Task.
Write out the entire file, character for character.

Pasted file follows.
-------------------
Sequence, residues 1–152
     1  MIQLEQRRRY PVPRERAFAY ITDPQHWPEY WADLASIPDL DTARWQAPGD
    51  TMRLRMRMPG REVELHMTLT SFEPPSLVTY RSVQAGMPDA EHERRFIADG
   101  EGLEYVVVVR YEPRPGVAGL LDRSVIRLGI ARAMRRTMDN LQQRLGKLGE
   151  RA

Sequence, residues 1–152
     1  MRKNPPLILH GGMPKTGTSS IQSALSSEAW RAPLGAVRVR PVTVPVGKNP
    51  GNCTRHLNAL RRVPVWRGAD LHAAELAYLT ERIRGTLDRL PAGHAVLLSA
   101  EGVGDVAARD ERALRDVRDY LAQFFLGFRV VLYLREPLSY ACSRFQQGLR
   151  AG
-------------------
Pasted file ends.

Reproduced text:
Sequence, residues 1–152
     1  MIQLEQRRRY PVPRERAFAY ITDPQHWPEY WADLASIPDL DTARWQAPGD
    51  TMRLRMRMPG REVELHMTLT SFEPPSLVTY RSVQAGMPDA EHERRFIADG
   101  EGLEYVVVVR YEPRPGVAGL LDRSVIRLGI ARAMRRTMDN LQQRLGKLGE
   151  RA

Sequence, residues 1–152
     1  MRKNPPLILH GGMPKTGTSS IQSALSSEAW RAPLGAVRVR PVTVPVGKNP
    51  GNCTRHLNAL RRVPVWRGAD LHAAELAYLT ERIRGTLDRL PAGHAVLLSA
   101  EGVGDVAARD ERALRDVRDY LAQFFLGFRV VLYLREPLSY ACSRFQQGLR
   151  AG